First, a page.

Fans of the Denver Broncos were hoping for an early Christmas present when the Broncos squared off against the struggling Buffalo Bills on Saturday, but they instead received a feeling more comparable to waking up with a New Year’s Day hangover.
With a win against the Bills and a loss by the Oakland Raiders in Week 16, the Broncos would have wrapped up their first AFC West division title since 2005 and earn a spot in the 2011 NFL Playoffs. Neither of those things happened. The Broncos fell hard to the Bills in a 14-40 loss and the Raiders defeated the Kansas City Chiefs in overtime, 16-13. With back-to-back losses going into the last week of the regular season, Broncos’ fans are starting to have déjà vu of late season falls of the recent past that cost the team chances at the postseason.
After a 13-3 regular season record and a playoff run that took the team all the way to the AFC Championship game in 2005, the Broncos hoped to repeat such a season in 2006. The Broncos went into the final game of the regular season with a 9-7 record and needing to win or tie in a match-up against the San Francisco 49ers to make the playoffs. The Broncos would ultimately lose to the 49ers in overtime and miss the playoffs.
Probably the Broncos most notable late season failure was in 2008, when they entered Week 15 with an 8-5 record and a three game lead over their nearest AFC West competitor. All they had to do to secure the division title and a spot in the playoffs was win one of their remaining three games. They were defeated by the Carolina Panthers 10-30 and followed that up with a loss to the division rival Chiefs the next week. Trying to hold onto a slim division lead, the Broncos went into a crucial match-up with the San Diego Chargers in the last week of the regular season. With everything on the line, the Broncos were derailed by the Chargers 21-52 and lost the division title, becoming the first team in NFL history to enter the final three weeks of a season with a three-game lead and lose all three games. This epic collapse led to the firing of head coach Mike Shanahan, who had coached the Broncos for 13 years and led the team to two Super Bowl wins.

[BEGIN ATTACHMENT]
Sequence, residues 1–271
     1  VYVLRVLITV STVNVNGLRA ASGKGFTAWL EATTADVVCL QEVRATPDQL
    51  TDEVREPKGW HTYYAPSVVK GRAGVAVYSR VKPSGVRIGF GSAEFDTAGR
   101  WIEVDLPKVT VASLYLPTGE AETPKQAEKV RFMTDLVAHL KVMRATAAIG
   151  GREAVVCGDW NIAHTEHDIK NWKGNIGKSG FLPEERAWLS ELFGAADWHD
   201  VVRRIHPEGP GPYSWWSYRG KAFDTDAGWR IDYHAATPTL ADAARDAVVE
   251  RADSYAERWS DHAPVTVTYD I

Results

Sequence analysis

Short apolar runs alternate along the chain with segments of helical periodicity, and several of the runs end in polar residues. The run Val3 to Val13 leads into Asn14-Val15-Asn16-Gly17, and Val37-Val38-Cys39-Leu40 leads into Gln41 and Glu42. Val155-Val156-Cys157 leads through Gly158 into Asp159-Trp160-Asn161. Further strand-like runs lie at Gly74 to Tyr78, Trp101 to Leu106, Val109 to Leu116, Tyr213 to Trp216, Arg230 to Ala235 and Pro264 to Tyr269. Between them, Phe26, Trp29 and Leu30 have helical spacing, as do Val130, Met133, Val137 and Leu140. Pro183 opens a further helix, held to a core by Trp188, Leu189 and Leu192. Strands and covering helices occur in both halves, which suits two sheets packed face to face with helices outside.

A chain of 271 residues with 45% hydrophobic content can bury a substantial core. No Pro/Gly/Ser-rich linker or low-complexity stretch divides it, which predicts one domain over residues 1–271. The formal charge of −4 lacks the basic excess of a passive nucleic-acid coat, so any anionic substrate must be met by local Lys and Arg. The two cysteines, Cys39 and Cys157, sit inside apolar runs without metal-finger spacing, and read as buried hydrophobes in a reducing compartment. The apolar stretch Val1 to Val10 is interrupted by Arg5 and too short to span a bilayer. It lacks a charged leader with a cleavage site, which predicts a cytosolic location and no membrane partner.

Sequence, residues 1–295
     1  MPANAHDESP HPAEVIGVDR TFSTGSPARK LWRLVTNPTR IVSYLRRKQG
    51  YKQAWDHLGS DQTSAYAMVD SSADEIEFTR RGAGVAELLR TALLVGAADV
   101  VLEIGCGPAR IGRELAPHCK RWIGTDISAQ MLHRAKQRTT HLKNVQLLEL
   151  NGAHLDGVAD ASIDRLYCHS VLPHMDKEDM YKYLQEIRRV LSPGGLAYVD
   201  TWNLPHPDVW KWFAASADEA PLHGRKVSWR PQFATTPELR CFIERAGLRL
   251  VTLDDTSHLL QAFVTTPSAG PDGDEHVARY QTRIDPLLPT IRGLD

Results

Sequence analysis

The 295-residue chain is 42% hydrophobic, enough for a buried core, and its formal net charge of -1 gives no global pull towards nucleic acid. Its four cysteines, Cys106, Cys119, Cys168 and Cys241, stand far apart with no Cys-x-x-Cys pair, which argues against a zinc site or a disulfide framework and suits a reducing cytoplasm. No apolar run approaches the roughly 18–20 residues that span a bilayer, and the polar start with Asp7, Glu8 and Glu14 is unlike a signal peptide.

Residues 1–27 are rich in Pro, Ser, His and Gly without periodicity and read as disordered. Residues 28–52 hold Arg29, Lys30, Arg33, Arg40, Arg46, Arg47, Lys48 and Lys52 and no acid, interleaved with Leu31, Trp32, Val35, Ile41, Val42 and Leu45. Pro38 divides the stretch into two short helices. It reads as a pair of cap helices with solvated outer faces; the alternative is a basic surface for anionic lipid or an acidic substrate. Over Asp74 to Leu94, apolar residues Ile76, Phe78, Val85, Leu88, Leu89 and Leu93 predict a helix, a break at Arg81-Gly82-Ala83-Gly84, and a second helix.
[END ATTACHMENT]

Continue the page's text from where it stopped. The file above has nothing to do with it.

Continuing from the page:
Shanahan’s replacement was New England Patriots offensive coordinator Josh McDaniels, who at the time of his hiring was the youngest head coach in the league. The Broncos under the new regime couldn’t have started out any better in 2009, with the team going undefeated in their first six games. The Broncos momentum train was rolling right along, until after the teams bye week when the wheels came off. The Broncos would go 2-8 the remainder of the season, finishing 8-8 and missing the playoffs for a fourth straight year.
Although a Broncos loss and Raiders win on Christmas Eve made the AFC West title race a dead heat to the finish line, the Broncos still have a chance to defy history and win the division outright with a victory at home against the now eliminated from division contention Kansas City Chiefs in Week 17. Should the Broncos lose, they still have a chance to win the division and make the playoffs should the Chargers (who were also eliminated from division contention with a 10-38 loss to the Detroit Lions Saturday) defeat the Raiders. In this scenario, both Denver and Oakland would finish the season with 8-8 records, respectively, but the Broncos would hold the tie-breaker over the Raiders and win the AFC West.
The easiest way to explain the Week 17 division and playoff scenarios for the Denver Broncos is “win, and your in” or hope for a Raiders loss. However, former Broncos quarterback Kyle Orton will look for revenge and try to play spoiler as he leads the Chiefs into Sports Authority Field at Mile High in a critical division match-up that will either lead to the Broncos first AFC West title and playoff berth in six years, or add another notch to a disappointing list of late season breakdowns.
The Broncos still control their own destiny, and in a season where the team is at their best when it’s needed the most, what better dramatic storybook situation could you ask for.
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